Guelph's First "Bicycle"
Publication Date: 1964
From a manuscript written by the late John D. Higinbotham and copied by Mrs. D. B. Shutt for the Publications.
William Balbraith, commonly known as Garibaldi, or 'Garry,' was a blacksmith in the employ of Robert Parker. In 1868, Garry heard that in Toronto some fellow had a machine built with one wheel in front of the other and that he could ride the vehicle. Garry went to Toronto to see it. He happened to be on Queen Street when he saw the chap riding the machine and he stopped him to get a good look at the 'bicycle.' On his return to Guelph, Garry got Jim Steel, who was Parker’s woodworker, to make him two wooden wheels. The front wheel had a diameter of three feet; the rear had a diameter of two and a half feet. These wheels were tied with half inch iron tires. The motive power of the vehicle was from pedals on the front wheel. The post and fork were made from a buggy axle split.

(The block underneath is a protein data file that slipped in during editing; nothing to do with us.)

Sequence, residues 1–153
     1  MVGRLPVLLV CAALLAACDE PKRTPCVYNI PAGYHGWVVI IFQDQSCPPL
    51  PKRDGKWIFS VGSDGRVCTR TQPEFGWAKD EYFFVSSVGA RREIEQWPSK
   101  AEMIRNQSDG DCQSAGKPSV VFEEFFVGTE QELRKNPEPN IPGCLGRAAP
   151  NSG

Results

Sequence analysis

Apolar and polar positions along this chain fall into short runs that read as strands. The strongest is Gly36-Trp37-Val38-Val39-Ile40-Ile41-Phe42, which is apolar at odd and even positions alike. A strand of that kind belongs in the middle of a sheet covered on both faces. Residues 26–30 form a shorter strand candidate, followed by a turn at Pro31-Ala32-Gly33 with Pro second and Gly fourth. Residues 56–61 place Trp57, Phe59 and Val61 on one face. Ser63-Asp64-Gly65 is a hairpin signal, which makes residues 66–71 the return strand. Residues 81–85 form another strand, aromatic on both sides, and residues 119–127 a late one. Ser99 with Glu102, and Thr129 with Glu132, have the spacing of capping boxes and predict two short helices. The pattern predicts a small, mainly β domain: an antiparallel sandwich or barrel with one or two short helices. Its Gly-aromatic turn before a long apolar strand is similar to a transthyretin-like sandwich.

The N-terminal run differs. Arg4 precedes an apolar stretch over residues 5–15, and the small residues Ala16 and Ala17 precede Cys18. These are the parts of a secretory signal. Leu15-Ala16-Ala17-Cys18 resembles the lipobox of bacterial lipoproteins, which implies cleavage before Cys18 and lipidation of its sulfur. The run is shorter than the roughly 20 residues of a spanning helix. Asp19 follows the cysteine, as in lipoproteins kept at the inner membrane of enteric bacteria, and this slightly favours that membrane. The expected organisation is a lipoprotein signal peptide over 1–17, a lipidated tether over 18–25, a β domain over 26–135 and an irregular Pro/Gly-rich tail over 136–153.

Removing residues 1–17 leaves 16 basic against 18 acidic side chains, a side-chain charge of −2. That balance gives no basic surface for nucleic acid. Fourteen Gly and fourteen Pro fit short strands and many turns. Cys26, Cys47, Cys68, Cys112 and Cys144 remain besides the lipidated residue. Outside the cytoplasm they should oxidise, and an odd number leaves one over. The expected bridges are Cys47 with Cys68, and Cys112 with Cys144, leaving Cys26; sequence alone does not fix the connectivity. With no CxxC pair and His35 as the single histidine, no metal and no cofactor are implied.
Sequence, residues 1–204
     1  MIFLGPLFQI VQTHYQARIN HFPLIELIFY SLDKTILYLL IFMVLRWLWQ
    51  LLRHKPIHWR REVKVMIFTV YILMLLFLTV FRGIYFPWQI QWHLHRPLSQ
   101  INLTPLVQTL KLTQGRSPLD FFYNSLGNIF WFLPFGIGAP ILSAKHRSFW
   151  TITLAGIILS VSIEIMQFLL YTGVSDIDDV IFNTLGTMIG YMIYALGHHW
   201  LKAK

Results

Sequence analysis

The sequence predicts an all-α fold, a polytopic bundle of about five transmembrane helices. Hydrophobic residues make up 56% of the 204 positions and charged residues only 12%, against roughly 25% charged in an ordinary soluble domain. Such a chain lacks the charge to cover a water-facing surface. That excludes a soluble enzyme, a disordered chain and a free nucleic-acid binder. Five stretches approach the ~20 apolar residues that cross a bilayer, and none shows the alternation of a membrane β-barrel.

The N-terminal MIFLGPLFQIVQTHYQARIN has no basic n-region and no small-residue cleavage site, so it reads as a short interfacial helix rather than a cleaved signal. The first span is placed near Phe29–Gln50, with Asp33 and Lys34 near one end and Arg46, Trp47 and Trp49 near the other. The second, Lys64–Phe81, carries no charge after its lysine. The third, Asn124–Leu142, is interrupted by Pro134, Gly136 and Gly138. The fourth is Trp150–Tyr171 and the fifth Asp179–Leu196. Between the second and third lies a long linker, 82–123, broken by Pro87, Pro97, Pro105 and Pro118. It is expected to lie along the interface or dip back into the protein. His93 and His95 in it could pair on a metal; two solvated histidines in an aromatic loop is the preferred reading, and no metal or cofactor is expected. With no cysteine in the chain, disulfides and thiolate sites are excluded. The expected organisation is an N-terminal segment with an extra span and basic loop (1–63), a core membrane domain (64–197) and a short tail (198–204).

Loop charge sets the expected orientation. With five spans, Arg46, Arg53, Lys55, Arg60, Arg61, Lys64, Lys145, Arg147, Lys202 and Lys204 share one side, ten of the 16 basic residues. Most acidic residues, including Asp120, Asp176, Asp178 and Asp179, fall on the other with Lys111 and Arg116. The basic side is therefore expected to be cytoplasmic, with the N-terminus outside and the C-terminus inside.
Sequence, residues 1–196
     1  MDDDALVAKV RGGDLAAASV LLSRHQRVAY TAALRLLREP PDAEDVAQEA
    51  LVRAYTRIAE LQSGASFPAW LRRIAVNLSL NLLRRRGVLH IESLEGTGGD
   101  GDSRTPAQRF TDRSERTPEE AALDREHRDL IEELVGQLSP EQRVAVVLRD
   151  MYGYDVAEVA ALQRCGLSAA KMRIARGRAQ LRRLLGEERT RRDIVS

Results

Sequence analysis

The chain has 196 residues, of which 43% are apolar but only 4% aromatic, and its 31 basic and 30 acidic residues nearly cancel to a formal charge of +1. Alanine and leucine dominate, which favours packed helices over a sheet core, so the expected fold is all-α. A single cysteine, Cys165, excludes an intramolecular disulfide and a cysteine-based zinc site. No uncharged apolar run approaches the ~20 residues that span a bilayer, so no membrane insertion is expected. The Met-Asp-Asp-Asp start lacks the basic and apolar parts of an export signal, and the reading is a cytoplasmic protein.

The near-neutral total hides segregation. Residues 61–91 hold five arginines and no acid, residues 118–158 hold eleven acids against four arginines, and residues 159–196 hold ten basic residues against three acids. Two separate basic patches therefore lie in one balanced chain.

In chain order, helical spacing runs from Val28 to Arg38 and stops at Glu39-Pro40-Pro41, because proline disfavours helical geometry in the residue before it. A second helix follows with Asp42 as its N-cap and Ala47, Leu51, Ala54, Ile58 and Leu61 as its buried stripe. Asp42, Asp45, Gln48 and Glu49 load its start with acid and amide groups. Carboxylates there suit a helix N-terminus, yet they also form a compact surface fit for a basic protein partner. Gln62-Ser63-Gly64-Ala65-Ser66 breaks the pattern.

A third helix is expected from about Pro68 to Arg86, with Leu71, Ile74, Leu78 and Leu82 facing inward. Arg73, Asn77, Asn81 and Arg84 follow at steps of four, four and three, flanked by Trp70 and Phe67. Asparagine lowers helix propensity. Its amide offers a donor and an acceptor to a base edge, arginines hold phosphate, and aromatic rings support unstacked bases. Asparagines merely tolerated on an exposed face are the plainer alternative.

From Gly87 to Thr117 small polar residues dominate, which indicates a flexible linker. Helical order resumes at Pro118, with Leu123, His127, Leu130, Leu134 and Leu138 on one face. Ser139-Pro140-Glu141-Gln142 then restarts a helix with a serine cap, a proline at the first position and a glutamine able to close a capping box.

After he had it completed Garry learned to ride it on Dublin Street hill opposite Dr. Torrance’s church. That is the hill on which Central School now stands. In 1870, he brought it to Galt for the Dominion Day Sports in which there were nine wheels entered for a race. The Guelph band went by train with Garry but went on to a tournament in Woodstock. Garry and his bicycle entered the race and won the first prize of $10.00. Later, he went to visit his uncle, Thomas White, at Brachton. He went there by train and rode the machine to his uncle’s farm. His uncle purchased the bicycle from Garry for $15.00 and a cheese.